Thursday, August 21, 2008

Affinity

This "feature" will be an ongoing series of pictures of artists (writers, filmmakers, actors, musicians...you know, artists) that I not only like, but who I, you know, really like. In other words, artists I have a special affinity for. See? Anyhow, apart from this brief introduction, they will, I think, be picture-only posts. This sort of thing is known as "padding". So let's begin...



26 comments:

Jonathan Lapper said...

Padding's a good thing. Seriously, though, putting up pics may be an easy post but it often kickstarts a good discussion. Too many bloggers think every post has to be an intense dissertation on the semiotics of film language and how one evaluates the ontological ramifications of Algerian cinema's preponderance of tracking shots used within montage to symbolize the ... Zzzzzzzzzzzzzzzz...

I'm not 20 anymore, I don't want to attend film class again. I want to discuss my love for film with people who also love it dearly and I want it to show in every post I do even if it's intended only for humor.

As for padding I'll let Homer have the final word, spoken to Bart after Bart declared work is for chumps:

"Son, I'm proud of you. I was twice your age before I figured that out."

Jonathan Lapper said...

Oh yes, and how did I know the first pic you'd put up would be Mamet? I must be psychic.

Fox said...

Love it. Not only do I like Mamet, the man, but I've always thought he had a very uniquely shaped head. (I'm not being goofy about that either, I really think it's an interesting looking head.)

bill r. said...

Jonathan - Knowing my e-mail address probably helped you puzzle that one out.

Speaking of e-mail, I got your last one. Holy smokes, that's a lot to digest. I'll have to get back to you, but thanks for making me aware of all the things I still need to do.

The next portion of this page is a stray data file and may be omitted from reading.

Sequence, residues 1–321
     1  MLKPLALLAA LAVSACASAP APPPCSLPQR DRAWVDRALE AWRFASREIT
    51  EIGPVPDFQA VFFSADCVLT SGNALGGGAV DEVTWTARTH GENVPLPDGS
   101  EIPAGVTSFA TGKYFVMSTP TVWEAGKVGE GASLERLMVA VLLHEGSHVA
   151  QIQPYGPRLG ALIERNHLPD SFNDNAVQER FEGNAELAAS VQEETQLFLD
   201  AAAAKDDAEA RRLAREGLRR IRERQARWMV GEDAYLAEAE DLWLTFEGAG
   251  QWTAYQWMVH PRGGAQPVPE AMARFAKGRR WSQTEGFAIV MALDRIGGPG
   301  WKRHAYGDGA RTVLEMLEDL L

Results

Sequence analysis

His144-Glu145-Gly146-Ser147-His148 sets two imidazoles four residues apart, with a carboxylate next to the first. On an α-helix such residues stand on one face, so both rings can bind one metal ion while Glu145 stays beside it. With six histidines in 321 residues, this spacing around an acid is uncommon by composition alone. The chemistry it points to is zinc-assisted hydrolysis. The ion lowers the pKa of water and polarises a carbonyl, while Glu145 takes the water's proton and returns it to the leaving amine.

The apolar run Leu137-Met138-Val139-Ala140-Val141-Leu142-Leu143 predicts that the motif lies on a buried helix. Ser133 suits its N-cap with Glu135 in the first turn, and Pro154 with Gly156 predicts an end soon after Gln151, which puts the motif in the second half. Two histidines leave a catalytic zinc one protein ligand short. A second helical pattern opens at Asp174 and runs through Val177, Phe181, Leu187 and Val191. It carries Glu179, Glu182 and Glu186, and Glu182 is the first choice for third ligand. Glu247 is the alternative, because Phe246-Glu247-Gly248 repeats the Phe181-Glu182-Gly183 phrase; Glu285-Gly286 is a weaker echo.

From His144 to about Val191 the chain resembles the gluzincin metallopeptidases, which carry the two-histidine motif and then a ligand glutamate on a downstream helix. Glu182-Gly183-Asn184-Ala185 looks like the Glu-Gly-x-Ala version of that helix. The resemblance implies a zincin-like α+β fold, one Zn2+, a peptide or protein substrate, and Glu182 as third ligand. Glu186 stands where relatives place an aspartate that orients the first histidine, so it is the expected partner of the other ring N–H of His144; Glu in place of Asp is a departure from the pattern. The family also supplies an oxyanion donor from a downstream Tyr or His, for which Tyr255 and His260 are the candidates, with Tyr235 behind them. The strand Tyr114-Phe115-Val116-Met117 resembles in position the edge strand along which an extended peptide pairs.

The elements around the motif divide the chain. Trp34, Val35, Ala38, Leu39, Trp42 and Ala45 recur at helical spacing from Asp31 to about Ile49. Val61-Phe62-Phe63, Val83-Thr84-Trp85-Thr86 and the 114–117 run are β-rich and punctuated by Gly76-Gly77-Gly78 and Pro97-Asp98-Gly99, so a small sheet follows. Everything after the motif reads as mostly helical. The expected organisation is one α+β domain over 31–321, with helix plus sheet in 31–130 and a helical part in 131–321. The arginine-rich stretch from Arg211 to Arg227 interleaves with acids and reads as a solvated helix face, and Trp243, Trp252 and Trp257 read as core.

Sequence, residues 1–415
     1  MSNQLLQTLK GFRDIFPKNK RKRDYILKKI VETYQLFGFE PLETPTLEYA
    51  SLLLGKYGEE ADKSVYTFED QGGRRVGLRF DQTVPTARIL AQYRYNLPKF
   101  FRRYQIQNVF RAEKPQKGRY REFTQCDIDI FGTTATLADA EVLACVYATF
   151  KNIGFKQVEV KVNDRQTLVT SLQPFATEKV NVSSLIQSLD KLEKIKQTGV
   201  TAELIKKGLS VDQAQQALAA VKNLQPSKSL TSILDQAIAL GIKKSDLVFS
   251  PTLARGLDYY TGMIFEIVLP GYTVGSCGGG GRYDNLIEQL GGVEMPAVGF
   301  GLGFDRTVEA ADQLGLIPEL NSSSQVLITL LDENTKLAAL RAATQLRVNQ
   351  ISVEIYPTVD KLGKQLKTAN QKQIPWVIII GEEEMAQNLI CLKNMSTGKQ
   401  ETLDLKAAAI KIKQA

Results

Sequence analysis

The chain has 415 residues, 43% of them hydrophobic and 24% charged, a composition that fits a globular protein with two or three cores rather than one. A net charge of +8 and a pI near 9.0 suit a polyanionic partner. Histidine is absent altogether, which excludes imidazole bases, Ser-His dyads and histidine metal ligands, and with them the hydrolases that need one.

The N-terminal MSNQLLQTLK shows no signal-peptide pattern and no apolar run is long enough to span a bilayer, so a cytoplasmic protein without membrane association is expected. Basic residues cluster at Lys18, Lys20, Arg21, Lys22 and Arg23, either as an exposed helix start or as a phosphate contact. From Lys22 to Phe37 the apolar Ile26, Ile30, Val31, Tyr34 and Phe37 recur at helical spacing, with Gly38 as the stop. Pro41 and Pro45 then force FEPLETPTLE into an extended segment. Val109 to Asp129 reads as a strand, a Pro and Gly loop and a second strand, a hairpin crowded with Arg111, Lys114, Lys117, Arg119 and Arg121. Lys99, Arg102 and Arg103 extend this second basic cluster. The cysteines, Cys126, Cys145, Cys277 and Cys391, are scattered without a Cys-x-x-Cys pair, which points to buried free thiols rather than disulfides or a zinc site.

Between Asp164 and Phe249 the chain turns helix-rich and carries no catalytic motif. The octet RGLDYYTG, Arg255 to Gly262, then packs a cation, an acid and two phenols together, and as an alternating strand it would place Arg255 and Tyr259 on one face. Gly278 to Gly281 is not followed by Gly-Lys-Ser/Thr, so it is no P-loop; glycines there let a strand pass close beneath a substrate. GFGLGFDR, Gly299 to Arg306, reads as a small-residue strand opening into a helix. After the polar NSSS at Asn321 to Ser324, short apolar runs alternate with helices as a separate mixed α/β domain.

Fox - Yes, he's a uniquely shaped man.

Jonathan Lapper said...

Yeah, sorry. It was kind of an electronic book more than an electronic mail. None of that stuff is "immediate attention required", just kind of a "so you know" thing. I think I was blogging for a couple of months before I even knew what technorati was or bothered to set up a sitemeter account.

Fox said...

Bill, maybe you read this already, but I loved this recent little article about him in TIME that talks about his obsessive obsession with martial arts (it's really short):

http://www.time.com/time/magazine/article/0,9171,1738510,00.html

bill r. said...

Okay. I won't sweat it for now, then.

But back to Mamet: word is that his masterpiece (his film masterpiece, anyway) Homicide will be Criterion-ized sometime next year.

About goddamn time. Also, woo-hoo!!

Fox said...

That's welcome news on Homicide. I too love that film. When I got into Mamet I started in order, House of Games, Things Change, Homicide... and still, when I got to Homicide I was like "this is weird, why are these people acting so bizarre??" That was initially brought about by the performance of Lindsay Crouse in House of Games which I still like to defend as a really great performance.

bill r. said...

Well, defend away, Fox, because even a die-hard fan like me has trouble with Crouse's performance. I actually did like it quite a bit more the last time I watched the film, after Criterion released it, and I know that's not her normal style, so it must have been deliberate, either on her part or Mamet's. But it's a hard performance to love.